I have not always used the Color Lookup Adjustment Layer. Now I am using them a lot in my workflow to give images a little extra color boost or feeling that is often lacking in digitized images. The image above used one as a last step – it brought back the warm beach feel I wanted – I had gotten a little off-track while creating the image. (See Image 1 at end of blog for additional steps and credits.)
Up front, I want to say, do not worry about all the details that even I have presented below. If you do not want to make a Lookup Table (LUT) file, just enjoy the large selection of files Photoshop provides in the drop-down menus and enjoy – that is mainly what I do. But if you like a combination of adjustment layer settings, go ahead and create a LUT file so this effect can quickly be applied on another image. When you click on the Color Lookup Adjustment Layer, there are three different categories (3DLUT File, Abstract, and Device Link) each with drop-downs that contain many different LUT files. Most people use the 3DLUT file drop-downs, but all three categories can be used. I use them all. Check out the links towards the end of blog to find more info on this very complicated subject.
What is a Lookup Table file?
This gets a little techie here. Basically LUT files act like filters placed on a camera lens or an image. Adobe Evangelist Julieanne Kost states they are a combination of adjustments that are gathered into a single Look Up Table which replaces all of the colors of your image with another set of colors. They are also used with Adobe Premier Pro and After Effects for video productions to get the moody feel as seen in movies. LUTS can save a lot of time if a file gives a nice effect on an image – by creating a LUT file, it can be applied quickly to another image. The down side is that LUT files are fairly rigid – the individual adjustment layers contained in the LUT when created cannot each be changed to suit a different image. Need to set up an action to do this.
Places to Download Other LUT Files
Many vendors are now selling these files, and they are fairly inexpensive. The ones listed below are still free. Note that these files can have various extensions on them: .cube, .look, .3DL, and .icc – all will work fine in PS as far as I can tell but there is some discussion regarding color space requirements associated with each.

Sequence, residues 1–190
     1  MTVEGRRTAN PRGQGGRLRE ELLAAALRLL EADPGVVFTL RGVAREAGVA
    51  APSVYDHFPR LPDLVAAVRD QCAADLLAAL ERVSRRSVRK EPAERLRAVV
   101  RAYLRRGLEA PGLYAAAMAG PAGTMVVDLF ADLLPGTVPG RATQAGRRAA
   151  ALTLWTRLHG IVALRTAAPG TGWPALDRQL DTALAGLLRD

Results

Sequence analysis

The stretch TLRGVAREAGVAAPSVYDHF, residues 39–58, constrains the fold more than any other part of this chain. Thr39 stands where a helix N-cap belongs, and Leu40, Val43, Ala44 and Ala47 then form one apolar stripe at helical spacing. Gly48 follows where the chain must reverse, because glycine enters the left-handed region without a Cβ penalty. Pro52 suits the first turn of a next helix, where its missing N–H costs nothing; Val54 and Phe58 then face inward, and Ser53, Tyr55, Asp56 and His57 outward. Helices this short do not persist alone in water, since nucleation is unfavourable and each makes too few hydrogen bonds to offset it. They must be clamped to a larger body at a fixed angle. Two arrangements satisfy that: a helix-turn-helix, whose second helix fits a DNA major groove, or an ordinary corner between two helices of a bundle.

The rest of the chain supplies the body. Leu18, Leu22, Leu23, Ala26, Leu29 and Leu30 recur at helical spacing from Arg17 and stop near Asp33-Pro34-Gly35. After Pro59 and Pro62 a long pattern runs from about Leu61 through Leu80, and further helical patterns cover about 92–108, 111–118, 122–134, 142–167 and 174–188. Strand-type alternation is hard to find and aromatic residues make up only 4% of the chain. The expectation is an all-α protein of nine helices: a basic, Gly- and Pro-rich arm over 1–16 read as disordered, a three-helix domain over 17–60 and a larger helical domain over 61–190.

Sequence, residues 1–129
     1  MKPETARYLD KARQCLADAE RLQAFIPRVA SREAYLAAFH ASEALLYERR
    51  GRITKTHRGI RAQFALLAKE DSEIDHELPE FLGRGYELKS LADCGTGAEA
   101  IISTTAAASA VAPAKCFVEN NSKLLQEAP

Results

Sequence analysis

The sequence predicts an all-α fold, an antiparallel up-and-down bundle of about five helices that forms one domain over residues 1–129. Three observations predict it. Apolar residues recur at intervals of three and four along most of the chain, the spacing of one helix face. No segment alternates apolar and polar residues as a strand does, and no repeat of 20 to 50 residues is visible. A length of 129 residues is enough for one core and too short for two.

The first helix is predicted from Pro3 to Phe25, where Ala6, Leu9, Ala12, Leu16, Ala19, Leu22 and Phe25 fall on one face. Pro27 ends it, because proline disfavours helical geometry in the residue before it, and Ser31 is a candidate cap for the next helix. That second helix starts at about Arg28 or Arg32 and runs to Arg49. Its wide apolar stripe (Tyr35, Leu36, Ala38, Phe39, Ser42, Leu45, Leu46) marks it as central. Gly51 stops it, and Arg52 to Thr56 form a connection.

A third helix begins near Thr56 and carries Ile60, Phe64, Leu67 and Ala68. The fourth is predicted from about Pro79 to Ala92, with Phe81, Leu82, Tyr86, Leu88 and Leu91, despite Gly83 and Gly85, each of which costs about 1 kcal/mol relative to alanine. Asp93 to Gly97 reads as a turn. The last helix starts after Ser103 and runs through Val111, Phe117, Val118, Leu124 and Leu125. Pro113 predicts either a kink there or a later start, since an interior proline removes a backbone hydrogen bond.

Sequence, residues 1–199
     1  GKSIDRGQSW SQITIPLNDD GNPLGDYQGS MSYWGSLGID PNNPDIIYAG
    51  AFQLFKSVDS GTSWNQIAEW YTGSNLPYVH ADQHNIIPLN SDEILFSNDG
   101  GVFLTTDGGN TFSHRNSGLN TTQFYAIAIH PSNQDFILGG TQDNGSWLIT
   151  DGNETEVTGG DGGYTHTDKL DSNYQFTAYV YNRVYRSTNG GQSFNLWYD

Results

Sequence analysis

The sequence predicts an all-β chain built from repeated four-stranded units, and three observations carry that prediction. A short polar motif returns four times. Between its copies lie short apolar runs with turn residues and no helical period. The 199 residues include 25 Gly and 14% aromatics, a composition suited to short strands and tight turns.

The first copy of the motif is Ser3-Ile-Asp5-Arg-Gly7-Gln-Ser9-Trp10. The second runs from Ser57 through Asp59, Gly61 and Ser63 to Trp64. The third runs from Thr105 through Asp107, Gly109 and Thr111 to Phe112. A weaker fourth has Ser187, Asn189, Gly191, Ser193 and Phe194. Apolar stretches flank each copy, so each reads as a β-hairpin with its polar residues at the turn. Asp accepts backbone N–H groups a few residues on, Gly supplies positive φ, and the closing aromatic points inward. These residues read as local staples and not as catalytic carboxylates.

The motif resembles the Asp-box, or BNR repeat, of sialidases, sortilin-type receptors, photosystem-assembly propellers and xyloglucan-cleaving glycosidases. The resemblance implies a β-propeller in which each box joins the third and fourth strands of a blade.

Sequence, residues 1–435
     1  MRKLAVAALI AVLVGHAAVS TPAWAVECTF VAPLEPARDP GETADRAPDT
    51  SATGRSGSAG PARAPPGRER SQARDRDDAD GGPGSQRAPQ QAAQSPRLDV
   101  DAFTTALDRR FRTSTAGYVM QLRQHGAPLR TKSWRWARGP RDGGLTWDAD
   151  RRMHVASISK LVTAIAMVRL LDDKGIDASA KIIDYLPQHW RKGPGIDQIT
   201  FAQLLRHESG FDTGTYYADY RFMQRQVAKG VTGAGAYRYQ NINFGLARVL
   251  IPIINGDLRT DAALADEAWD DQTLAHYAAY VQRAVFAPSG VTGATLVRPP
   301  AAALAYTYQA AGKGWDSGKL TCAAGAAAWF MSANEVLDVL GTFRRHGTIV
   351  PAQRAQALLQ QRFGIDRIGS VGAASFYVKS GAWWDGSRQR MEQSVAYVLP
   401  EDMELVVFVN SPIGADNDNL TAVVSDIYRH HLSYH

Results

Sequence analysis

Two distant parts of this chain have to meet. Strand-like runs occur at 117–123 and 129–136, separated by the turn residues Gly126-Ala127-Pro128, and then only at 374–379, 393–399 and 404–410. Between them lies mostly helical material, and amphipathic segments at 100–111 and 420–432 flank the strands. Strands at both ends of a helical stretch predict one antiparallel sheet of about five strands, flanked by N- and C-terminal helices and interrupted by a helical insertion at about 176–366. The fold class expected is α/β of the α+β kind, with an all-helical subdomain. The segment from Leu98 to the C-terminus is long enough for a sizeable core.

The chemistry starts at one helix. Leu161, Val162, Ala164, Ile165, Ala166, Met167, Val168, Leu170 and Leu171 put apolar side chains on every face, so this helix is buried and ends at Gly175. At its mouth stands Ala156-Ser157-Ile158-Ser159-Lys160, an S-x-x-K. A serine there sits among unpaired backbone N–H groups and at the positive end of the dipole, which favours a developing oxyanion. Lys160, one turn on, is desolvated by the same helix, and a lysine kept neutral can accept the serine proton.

Orange and Teal LUTS and Photoshop Actions by Denny Tang at Photoshop Tutorials (check the website as it has lots of other good info). The top image used his Berlin by SparkleStock.cube file at 30% layer opacity.
There is a nice LUT called Arapaho from Behind the Scenes which is an autumn look. There are a few more that look good in the Utility folder also.
One of the best ways to get some nice LUTs is to watch videos and create the ones they are demonstrating. Try using the one created in my video for starters. Also Glyn Dewis has two great videos on this topic and creates two nice LUT files – check out The Power of Photoshop Colour Look Up Tables and How to Use and Create Photoshop Look Up Tables. PiXimperfect creates a very reddish effect in How to Create Look-Up Tables (LUTs) in Photoshop – just be sure to lower the opacity and change the blend mode to get good results. See Image 2 below for more post-processing info on this white mum image.
Creating a LUT File
To create a color effect for saving down as a new table, any combination of Adjustment Layers, Opacity and/or Fill effects, Blend Modes, and Blend If sliders (to apply effect in just the shadows or highlights) can be used. Try stacking several LUT adjustment layers to get your effect or combine them with other types of Adjustment Layers. Note that LUT files cannot be exported in CS6, but ones created in CC software can be copied into the CS6 files as shown below. Here is a quick workflow of how to Export them down as a LUT file:
1. Open image and add as many different adjustment layers as needed.
2. All that is needed is a locked bottom layer (can be a solid color locked layer) and the adjustment layers to create the LUT file. Be sure the bottom layer is locked – it does not have to say Background, but it must be a locked layer. If there are clean up and filter layers before the adjustment layers were added, turn off all these layers and get rid of smart objects. To lock the bottom layer, go to Layers -> New -> Layer from Background.
3. Go to File -> Export -> Color Lookup Table. A dialog appears – can change Description and Copyright if you want, Quality either 64 and High or 32 and Medium (to make file smaller), and Formats – can choose one or all. I usually select CUBE for a couple extra options discussed below. Then OK.